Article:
Updated November 30, 2013

Christmas Spending Without Guilt

Money Saving Tips to Avoid the Spending Guilt this Christmas
Read more about Holiday Shopping 2013

The day after Christmas can be a mix of happiness and dread. You still feel the glow of holiday cheer while you play with your new presents, but you also feel the rising guilt of how much money you spent to make others happy. It all adds up – from the presents you bought loved ones, the decorations you used for entertaining, the food you made, and the outfits you wore. In return for your shopping sprees, Santa left you some debt for the holidays.

Every year we make the same mistakes – 65% of us plan to spend the same amount this year as we did last year, according to a 2013 CreditDonkey.com survey of over 1,000 shoppers. Some of that spending isn’t even necessary, as the majority (54%) admitted that they plan to return gifts.

Here’s how not to waste money this year.

  1. Set a present price limit. Exchanging gifts is fun, but it can get pretty expensive. Instead of guessing how much you should spend, talk about it beforehand. Choose an affordable price range so that both you and the people you’re exchanging gifts with know approximately how much to spend. This way you won’t have to worry about your gift seeming cheap compared to what someone bought you.

  2. Give the gift of time. Offer service as a present this year. Think of how much your mom would appreciate you coming over to clean her house. Or cook all the meals for a week, and give your spouse a break. Has your dad been lamenting about his lack of time to complete a house project? Help him out. Your service and time will be more appreciated than a material item.

  3. Give homemade gifts. Get creative this holiday season. Instead of buying presents for everyone on your shopping list, make them yourself. Just over half of the respondents to CreditDonkey’s survey said they would like to get homemade gifts this year. Make batches of homemade cookies and package them in a keepsake tin. Tap into your knitting skills and make a scarf. Or put together a photo album of childhood photos or a vacation you took with your spouse over the past year.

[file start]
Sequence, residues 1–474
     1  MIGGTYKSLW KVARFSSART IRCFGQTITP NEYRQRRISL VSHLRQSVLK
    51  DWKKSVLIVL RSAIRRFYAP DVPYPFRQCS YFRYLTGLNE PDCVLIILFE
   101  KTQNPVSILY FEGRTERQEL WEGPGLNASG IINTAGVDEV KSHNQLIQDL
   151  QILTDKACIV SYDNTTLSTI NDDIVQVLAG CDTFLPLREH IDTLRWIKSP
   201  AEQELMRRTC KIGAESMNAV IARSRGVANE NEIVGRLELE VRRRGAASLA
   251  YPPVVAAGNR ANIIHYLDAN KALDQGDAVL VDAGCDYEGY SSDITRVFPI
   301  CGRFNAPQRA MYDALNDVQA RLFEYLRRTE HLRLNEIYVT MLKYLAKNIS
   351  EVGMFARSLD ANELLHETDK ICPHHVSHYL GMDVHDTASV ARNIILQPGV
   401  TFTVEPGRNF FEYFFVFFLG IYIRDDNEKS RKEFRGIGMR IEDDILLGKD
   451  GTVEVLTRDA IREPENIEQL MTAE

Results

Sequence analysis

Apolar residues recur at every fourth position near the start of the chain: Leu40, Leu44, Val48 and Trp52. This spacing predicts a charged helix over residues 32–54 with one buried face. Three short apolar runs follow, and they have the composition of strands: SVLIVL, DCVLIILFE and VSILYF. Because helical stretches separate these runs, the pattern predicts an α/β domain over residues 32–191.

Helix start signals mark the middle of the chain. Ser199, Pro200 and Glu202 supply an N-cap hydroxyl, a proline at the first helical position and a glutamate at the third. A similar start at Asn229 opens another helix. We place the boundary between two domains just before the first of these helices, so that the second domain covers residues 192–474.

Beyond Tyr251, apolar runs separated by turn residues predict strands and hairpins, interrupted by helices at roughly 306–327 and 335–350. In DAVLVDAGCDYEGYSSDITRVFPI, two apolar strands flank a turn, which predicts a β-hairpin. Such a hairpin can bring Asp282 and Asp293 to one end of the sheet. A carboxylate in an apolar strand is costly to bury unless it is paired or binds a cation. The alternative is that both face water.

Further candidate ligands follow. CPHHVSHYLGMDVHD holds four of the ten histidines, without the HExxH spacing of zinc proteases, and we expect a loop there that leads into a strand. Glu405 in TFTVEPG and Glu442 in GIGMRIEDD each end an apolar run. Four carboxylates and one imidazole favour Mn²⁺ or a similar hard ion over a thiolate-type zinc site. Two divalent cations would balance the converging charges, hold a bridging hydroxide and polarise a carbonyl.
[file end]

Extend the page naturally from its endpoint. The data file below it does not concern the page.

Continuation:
4. Do “Secret Santa.” If you’re part of a big family or just don’t have the money this year to get every person a gift, suggest a different way of gift giving. Everyone draws one name from a hat and buys just one present for that person, within a spending limit.

  5. Make a budget, and don’t break it. Take a long look at your finances to see what you can actually afford to spend this year. Do your shopping based on that and not based what you gave in previous years or what you’re expecting someone to give you.

  6. Buy decorations on clearance. During the days after Christmas, all holiday décor will go on sale. That’s the time to stock up. Everything from ornaments to wrapping paper will be selling for less. For now, buy only the supplies you need for this season, knowing that you can soon buy inexpensively up for next year.

  7. Make it a potluck. If you’re hosting Christmas dinner, get everyone involved. Ask your friends and family to bring dishes too. Assign each group of guests to prepare a specific item, and you’ll be able to reduce your financial strain from hosting. Chances are your guests will enjoy helping to make your dinner a success.

  8. Check out deal sites. Websites like CouponPal, RetailMeNot, and LivingSocial offer lots of deals throughout the year, and especially around the holidays. You can find coupon codes and expensive gifts at discounted prices in several different categories of products, including cosmetics, clothing, household goods, electronics and more. You can probably find something for every person on your list.

In the season of giving, it may be tough to cut back, but don’t break your budget just for one day of the year. You’ll be proud of yourself later for having the discipline to spend only within your means.

Jasmine Williams is a contributing writer at CreditDonkey, a credit card comparison and reviews website. Write to Jasmine Williams at jasmine@creditdonkey.com. Our data-driven analysis has been recognized by major news outlets across the country and has helped families make savvy decisions. (read more)

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